By Dan Kennedy • The press, politics, technology, culture and other passions

ACLU lawyer explains libel and SLAPP

Sarah Wunsch, a staff attorney with the ACLU of Massachusetts, offers further analysis of how the state’s anti-SLAPP law would modify libel law if journalist-activist Fredda Hollander wins her appeal, now before the Massachusetts Supreme Judicial Court. (SLAPP stands for “strategic lawsuits against public participation,” and the anti-SLAPP law is aimed at preventing people from abusing the legal system by hauling activists into court.) Wunsch writes in part:

The defendant, the petitioner, may have made some misstatements that are harmful to the plaintiff’s reputation, but in order to give some breathing space to the right to petition, the law provides that as long as the petitioning wasn’t baseless, the SLAPP suit should be thrown out. Some people might think that is unfair but because society benefits when people aren’t afraid to get involved in local government issues, the statute gives them some extra protection.

To which I would add that though anti-SLAPP protection for journalists might offer them some extra protection against libel suits, the overall effect would probably be slight.

In most cases, I suspect, the person bringing the allegedly abusive suit (in Hollander’s case, North End developer Steven Fustolo) would be deemed a public figure. And under the U.S. Supreme Court’s 1964 Times v. Sullivan standard, a public figure can’t win a libel case unless he’s able to prove that the person he’s suing made false, defamatory statements knowing they weren’t true, or showing reckless disregard for the truth.

My standard disclosure: Hollander paid me to write an affidavit on her behalf at an earlier stage of her case.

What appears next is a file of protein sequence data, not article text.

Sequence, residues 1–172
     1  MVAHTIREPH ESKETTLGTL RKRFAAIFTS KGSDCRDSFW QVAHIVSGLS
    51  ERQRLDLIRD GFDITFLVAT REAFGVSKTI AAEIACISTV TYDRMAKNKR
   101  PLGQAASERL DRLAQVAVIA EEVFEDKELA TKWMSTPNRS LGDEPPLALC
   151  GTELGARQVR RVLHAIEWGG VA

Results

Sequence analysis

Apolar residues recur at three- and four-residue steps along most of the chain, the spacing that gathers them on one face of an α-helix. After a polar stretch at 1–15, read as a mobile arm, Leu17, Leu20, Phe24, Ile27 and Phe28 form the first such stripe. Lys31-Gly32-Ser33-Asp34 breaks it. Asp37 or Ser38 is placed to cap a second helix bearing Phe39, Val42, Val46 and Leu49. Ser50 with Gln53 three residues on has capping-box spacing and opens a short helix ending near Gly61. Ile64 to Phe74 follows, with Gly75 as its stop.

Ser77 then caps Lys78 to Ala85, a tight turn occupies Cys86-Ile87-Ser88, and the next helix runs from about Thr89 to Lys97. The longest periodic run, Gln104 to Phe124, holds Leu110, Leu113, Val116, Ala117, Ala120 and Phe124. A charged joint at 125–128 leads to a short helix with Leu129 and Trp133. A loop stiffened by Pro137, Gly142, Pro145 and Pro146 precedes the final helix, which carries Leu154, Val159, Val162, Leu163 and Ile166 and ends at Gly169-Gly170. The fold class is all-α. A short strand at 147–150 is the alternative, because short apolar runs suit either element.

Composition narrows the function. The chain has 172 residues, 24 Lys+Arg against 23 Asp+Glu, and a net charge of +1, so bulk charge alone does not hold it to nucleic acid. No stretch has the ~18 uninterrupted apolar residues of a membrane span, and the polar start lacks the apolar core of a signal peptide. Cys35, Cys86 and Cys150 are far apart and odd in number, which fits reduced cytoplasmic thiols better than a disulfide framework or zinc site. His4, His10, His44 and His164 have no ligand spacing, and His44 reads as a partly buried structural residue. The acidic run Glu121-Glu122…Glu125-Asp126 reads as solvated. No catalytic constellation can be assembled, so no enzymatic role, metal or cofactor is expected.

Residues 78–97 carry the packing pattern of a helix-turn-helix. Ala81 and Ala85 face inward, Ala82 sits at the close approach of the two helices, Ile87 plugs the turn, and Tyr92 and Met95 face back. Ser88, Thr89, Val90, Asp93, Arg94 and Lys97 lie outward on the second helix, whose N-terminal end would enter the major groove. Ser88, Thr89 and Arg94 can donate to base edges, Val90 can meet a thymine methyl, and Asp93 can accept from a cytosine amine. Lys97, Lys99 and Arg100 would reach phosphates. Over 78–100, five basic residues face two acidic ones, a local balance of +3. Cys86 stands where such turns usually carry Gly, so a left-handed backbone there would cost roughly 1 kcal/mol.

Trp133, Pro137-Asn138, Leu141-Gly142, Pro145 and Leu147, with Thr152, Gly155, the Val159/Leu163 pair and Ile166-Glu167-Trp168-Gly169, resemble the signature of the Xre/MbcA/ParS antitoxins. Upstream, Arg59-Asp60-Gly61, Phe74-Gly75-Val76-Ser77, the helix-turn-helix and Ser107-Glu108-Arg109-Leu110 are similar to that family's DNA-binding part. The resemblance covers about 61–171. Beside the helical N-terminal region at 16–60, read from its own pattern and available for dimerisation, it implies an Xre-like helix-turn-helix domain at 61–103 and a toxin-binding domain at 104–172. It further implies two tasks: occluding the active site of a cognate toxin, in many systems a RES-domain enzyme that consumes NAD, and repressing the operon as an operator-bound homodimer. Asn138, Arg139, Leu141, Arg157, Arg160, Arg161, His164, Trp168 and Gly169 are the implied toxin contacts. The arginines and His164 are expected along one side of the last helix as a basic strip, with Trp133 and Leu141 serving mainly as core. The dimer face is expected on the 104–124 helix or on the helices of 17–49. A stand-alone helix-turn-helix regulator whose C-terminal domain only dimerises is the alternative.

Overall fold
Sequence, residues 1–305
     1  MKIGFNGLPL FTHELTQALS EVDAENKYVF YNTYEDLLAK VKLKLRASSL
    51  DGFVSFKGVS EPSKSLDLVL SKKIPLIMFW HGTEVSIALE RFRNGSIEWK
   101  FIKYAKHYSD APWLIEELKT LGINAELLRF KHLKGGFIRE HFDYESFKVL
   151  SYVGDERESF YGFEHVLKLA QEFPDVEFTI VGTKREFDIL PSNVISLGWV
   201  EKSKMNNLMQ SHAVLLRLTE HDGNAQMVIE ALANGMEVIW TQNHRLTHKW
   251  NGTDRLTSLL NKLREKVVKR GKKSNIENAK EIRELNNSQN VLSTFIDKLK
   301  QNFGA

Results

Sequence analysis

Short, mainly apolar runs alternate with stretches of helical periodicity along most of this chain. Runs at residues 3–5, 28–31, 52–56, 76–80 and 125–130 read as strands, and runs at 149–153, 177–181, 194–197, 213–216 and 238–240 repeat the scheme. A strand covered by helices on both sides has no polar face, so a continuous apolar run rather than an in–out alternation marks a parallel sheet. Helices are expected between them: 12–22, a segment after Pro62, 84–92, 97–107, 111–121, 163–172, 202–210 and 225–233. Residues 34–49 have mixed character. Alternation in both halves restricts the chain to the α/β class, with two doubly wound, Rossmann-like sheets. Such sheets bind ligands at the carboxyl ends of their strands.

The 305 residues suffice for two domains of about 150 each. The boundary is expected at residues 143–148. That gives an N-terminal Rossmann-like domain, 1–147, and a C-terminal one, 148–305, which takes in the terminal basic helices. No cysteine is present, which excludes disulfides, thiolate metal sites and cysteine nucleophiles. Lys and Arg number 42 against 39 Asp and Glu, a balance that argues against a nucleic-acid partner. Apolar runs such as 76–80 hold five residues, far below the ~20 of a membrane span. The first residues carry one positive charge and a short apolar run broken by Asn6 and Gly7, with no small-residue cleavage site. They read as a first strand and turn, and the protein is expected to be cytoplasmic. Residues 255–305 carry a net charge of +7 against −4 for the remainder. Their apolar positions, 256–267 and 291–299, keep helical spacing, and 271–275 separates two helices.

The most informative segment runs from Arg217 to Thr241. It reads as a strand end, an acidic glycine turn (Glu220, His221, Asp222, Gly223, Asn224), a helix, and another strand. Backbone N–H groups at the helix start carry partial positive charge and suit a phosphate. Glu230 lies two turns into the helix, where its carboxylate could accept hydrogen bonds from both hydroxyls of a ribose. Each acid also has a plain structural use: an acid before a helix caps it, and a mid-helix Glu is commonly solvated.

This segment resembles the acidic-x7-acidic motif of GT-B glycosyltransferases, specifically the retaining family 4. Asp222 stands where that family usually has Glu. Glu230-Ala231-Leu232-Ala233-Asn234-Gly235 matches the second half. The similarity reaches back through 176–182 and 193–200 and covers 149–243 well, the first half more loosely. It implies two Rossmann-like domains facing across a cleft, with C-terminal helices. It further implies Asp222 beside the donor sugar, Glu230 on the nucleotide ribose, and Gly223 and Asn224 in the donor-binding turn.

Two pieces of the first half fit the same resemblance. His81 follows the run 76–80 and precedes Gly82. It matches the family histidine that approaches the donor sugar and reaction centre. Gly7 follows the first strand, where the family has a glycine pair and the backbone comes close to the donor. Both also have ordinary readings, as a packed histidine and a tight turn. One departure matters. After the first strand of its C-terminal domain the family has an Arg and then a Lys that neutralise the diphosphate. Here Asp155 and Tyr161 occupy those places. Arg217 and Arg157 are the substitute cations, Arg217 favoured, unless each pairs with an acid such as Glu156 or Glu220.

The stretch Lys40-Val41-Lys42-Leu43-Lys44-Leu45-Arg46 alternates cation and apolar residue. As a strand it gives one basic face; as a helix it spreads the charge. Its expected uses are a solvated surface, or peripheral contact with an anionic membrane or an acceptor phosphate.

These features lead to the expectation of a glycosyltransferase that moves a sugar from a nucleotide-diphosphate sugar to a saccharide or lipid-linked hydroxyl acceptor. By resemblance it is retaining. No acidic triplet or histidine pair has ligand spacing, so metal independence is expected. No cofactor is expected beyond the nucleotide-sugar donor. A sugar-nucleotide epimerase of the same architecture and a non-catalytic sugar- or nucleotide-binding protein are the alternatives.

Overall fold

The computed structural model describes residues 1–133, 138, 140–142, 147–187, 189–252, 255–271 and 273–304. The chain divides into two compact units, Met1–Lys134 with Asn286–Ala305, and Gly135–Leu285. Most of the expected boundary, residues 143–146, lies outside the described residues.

Earlier coverage.

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Joanna Weiss on her new Globe post


Still more on SLAPP and libel


  1. Newshound

    Fredda Hollander must be protected, not only for herself but for the neighborhood and society in general in which she endeavors to shield from harm by reporting events, perhaps not 100% accurately but close enough.

    She is the victim because of the distraction this suit is to her everyday work and ideals. That is the presumed intent of the plaintiff who wins because he really didn’t need the money anyway. It is a way to still, through intimidation, expense and annoyance, circumvent the intent of NY vs. Sullivan and other prior cases. Put another way, it is a kick in the teeth to the many commercial freedoms and opportunities one can exploit in this country, all of which is protected by, in general, the media the plaintiff attempts to victimize with some, which is too much, success.

    Fortunately, Ms. Hollander gains enough from making this a good experience to help soothe this annoyance.

  2. Rob Bertsche

    I disagree with the conclusion that the “overall effect” of extending the Anti-SLAPP law’s protections to journalists “would probably be slight.” Keep in mind that where it applies, the Anti-SLAPP law operates to (1) prevent discovery from proceeding, (2) compel dismissal of the plaintiff’s claim, and (3) compel an award of attorney fees in favor of the defendant. Thus, the spectre of an anti-SLAPP motion will likely result in fewer libel claims being brought, and more of them being decided in the media defendant’s favor at an early stage.

  3. Neil

    That’s right, “slight” is probably not accurate. Instead of mounting a costly defense the defendant merely has to prove the statements were not baseless and that the defendant qualifies as a petitioner.

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